11. Quizzes guarantee students come on time and prepared.
I first implemented quizzes because so many students were always late. Students coming in late were distracting and frustrating. I also noticed that students were not doing the assigned reading, and if they were, only passively. As soon as I started using quizzes, students started coming on time and much better prepared. These quizzes are given only during the first 5-15 minutes of class (time depends on various factors), and the questions are not released before hand. All students know is that it will be over current course material – questions do focus on broad information.

12. Students will not do optional.
Unfortunately, most students only do what is absolutely required, if even that. We offer students extra credit or opportunities to do a revision, yet few if any will take advantage of it. And then, any who actually do more, do not need it in terms of improving their grade. Two important teaching implications result: One, I always offer to accept revisions or to review drafts early or to hold extra office hours. I used to worry that I would not have time, but so very few students take advantage of these opportunities that it always works out fine. Two, if you really want students to have a particular learning experience, make it required and an important part of the grade. College should always be a learning experience, so I do my best to keep this in mind when selecting required assignments and providing help.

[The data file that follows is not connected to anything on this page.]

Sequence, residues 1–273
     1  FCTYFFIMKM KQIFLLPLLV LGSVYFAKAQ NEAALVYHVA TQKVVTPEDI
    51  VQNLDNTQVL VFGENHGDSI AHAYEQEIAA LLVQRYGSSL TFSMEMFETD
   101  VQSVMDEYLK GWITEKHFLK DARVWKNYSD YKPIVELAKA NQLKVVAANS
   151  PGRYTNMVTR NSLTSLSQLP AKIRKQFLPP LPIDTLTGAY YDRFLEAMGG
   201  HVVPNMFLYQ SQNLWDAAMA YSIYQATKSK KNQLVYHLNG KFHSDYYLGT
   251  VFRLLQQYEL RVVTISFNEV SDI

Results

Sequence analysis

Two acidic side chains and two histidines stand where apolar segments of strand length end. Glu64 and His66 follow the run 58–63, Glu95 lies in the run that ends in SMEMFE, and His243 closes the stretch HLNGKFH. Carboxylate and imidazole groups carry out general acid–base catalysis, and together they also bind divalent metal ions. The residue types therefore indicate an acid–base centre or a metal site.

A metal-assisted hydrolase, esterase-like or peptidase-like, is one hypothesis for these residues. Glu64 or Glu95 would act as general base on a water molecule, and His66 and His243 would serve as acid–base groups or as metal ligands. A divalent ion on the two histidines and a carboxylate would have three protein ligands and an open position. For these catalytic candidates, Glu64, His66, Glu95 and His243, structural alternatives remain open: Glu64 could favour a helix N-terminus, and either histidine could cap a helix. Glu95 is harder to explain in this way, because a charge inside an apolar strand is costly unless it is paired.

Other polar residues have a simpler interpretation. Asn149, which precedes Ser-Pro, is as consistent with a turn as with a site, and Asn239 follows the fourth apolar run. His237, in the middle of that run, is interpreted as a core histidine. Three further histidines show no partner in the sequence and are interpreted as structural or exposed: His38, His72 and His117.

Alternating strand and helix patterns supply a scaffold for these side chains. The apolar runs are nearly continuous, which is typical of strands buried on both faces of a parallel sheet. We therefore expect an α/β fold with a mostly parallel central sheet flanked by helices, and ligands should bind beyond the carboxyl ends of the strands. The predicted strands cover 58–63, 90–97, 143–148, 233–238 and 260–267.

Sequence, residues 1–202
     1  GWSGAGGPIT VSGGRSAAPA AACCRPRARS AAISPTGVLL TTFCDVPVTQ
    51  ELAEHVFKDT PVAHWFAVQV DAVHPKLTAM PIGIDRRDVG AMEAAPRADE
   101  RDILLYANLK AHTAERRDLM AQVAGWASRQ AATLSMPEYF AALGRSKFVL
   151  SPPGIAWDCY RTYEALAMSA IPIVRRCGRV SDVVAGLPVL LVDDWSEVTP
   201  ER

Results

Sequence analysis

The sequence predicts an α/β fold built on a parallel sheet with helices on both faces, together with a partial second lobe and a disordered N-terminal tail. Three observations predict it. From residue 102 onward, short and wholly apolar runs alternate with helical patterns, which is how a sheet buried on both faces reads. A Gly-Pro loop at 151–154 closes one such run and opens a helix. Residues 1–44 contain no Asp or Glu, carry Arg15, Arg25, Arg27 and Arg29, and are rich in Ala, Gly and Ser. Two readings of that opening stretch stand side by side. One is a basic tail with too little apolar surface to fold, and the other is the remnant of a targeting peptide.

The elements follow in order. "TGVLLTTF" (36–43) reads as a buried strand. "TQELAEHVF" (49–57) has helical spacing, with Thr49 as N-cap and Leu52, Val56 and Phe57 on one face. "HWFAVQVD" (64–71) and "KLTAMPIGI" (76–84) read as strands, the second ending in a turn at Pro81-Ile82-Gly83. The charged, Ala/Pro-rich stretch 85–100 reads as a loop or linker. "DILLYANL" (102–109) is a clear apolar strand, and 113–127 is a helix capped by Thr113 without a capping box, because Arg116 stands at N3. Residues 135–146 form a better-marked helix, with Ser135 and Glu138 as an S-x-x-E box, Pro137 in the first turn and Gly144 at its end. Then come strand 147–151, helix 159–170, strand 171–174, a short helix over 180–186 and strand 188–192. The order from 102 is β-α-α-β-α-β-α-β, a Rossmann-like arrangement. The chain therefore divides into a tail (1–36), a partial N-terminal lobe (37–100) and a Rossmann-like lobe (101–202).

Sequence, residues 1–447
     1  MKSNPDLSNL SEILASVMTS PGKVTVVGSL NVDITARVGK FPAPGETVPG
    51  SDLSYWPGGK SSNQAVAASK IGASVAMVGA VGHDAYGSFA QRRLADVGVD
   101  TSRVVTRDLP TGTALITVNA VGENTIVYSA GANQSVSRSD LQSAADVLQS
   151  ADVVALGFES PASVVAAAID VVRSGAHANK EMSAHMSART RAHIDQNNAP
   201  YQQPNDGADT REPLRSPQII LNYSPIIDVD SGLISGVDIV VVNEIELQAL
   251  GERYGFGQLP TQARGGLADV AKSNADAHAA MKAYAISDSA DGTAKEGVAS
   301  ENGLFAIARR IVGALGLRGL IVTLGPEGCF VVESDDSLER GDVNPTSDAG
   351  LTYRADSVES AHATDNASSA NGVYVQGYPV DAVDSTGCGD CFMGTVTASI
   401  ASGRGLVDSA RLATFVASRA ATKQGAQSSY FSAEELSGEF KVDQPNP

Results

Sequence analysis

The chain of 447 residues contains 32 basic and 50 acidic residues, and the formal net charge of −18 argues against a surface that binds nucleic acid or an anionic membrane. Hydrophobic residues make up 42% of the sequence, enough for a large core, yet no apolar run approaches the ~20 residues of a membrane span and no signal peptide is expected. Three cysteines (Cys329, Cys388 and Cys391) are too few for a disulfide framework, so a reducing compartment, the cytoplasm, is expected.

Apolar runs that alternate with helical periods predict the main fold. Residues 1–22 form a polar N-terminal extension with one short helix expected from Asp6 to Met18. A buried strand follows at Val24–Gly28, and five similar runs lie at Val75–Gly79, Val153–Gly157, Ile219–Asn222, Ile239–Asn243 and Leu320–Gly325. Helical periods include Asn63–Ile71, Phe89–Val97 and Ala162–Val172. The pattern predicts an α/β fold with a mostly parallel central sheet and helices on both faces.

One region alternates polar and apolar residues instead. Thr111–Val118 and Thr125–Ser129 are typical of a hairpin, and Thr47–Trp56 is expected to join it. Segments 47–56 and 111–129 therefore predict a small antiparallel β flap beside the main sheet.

13. Let students talk and be active every chance possible.
Students remember far more of what they say than what I say. Students remember 10% of what they read, 20% of what they hear, 30% of what they see, 50% of what they see and hear, 70% of what they see and write, and 90% of what they do. My goal in the classroom is to engage all of the senses as much as possible.

In one example for a History class, instead of explaining to students why Indians were treated so poorly in the colonial period, ask students to call out reasons and explain them. They will almost always cover all of the reasons we could have in a lecture and usually they will think of more. If they leave anything out, I will go over it at the end.